3 Essential Strength Exercises for Runners You Might Be Doing Wrong

Even the best exercises, if done wrong, can actually do more bad than good.  Here is a list of three of them:

1. The Plank

Benefits for runners: better posture

Planks are meant to strengthen your core in order to improve your balance, stability and running form to run more efficiently and, therefore, faster.

What you might be doing wrong: holding it for as long as you can

Most of us tend to have overactive and tight hip flexors from sitting most of the day.  Because of that, those muscles often try to "help" others when we are doing some exercise (that's why you should not do sit ups). When trying to hold a plank as long as possible, you will likely end up trying to hod the pose when your posture is no longer that of perfect plank.  The issue is that at that point you will no longer just work your core, but also your hip flexors, which is something you need to avoid for the sake of your running and your lower back.

What you should be doing instead: hold it until you feel tension in your lower back

I tell Ready 2 Run clients to focus on keeping their belly button in and their whole back flat and parallel to the ground and to stop the plank as soon as they can no longer keep their whole body in perfect alignment or when they feel tension in their lower back. If this means doing multiple repetitions of the exercise for a few seconds at time until they can feel the burn in their core, then that is what you should do.


2. The Forward Lunge

Benefits for runners: stronger glutes and more flexible hips

Lunges in all their variations are some of the most useful strength exercises for runners as they use the same muscles and joints that are used when running in an exagerated range of motion. They can help you improve both your strength and hip mobility to make you run faster and more smoothly.


What you might be doing wrong: leaning backward and/or forward

A common mistake I see is people starting their movement by leaning slightly back, then reaching forward as far as they can with their foot, and finally pulling their body towards their foot.  This is an inefficient way to move forward that we should avoid practicing when training as we also want to avoid doing it running.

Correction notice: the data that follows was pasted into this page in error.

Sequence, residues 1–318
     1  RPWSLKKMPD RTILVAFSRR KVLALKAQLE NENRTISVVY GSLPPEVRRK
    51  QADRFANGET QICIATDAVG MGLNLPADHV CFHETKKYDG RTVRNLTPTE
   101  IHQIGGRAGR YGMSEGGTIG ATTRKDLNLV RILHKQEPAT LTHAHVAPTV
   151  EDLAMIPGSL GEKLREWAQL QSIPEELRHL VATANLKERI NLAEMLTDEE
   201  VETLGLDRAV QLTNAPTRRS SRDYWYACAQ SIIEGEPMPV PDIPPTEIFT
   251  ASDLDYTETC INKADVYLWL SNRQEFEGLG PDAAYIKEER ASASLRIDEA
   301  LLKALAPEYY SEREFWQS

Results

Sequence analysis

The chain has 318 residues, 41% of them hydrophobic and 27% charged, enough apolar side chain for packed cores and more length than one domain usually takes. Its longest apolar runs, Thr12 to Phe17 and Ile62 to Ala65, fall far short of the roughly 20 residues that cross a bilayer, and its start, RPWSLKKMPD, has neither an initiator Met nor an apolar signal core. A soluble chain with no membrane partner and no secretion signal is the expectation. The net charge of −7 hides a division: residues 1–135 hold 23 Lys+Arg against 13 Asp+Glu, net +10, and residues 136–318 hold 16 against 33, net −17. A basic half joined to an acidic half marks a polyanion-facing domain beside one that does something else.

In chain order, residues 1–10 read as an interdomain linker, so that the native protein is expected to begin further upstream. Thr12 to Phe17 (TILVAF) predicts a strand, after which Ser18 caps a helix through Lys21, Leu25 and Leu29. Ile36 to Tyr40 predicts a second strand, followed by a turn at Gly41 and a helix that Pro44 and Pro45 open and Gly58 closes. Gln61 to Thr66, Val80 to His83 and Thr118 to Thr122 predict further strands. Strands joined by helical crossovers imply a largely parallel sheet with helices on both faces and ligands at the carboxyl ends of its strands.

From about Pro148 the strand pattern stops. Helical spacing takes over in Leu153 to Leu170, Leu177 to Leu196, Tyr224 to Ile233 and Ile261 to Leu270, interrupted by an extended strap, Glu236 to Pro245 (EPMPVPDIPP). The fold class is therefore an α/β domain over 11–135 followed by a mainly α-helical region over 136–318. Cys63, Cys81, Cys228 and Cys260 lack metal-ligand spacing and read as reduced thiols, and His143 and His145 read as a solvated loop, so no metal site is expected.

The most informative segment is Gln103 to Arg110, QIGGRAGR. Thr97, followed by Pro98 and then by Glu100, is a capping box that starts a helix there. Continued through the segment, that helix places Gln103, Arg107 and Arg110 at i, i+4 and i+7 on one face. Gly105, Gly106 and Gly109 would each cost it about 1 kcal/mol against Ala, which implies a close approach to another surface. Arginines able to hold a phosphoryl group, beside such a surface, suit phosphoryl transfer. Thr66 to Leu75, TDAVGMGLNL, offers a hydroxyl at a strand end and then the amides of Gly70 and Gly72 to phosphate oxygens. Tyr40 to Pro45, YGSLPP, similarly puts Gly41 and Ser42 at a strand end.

Often, by the time that they are in the lowest part of the lunge, new athletes would then lean forward.  This is a sign of tight hip flexors and quadriceps (again, often caused by sitting) and a lack of engagement of the glutes and core (our running best friends).

By doing walking lunges like that, you are mainly training the wrong muscles and are not getting the dynamic stretching benefits of the lunge.

What you should be doing instead: stand tall, engage your core and glutes, and feel the stretch in your hip flexors.

One thing I discovered when I started coaching multiple sports in track & field is that the root of efficient movements is in proper posture. Before moving into a lunge you need to activate your core and stand tall with your head, shoulders, and hips aligned, and then lift your knee and tuck your hips under your shoulders as you "fall" forward into a lunge. As you get to the bottom of the lunge, you should feel a stretch in front of your back leg and hip. If you do not, it means you are doing the movement wrong, so tighten your core, squeeze your glutes, and stand taller.

If no matter how hard you try you cannot do the lunge with your upper-body vertical, it means your quads and hip flexors are too tight, so do some foam rolling, leg swings, "heel to butt" drills and other dynamic stretches daily before your workouts. You can also switch to doing reverse lunges (i.e. step back) until you are ready for the forward ones. 

3. The Bridge



Benefits for runners: stronger glutes

The glutes are the main motor for running: they push you forward and keep your posture upright.  If I were to only work one muscle group at the gym, it would be this one.


What you might be doing wrong: using your lower back and hamstrings to lift your hips

Because we spend a lot of time sitting and, in generally, do not do many activities that involve our glutes, our bodies often forget how to activate them. So many of us end up doing bridges by tightening and arching our lower back and pulling the ground back with our heels using our hamstrings.

What you should be doing instead:engage your core and squeeze your glutes

Tighten your core before starting the movement to stabilize your pelvis and lower back, then lift your hips by squeezing your glutes and only using your heels as a support.  Depending on how tight your hip flexors and quads are (or how weak your glutes are) you might not be able to go as high as you did when doing the exercise wrong, but you will feel it a lot more in the muscles you actually wanted to work.  It will also teach your body to activate both your core and glute muscles together in the way they should be activated when you run.  The goal is to eventually be strong and flexible enough to bring your hips in alignment with your knees and shoulders while keeping your lower-back flat.





Comments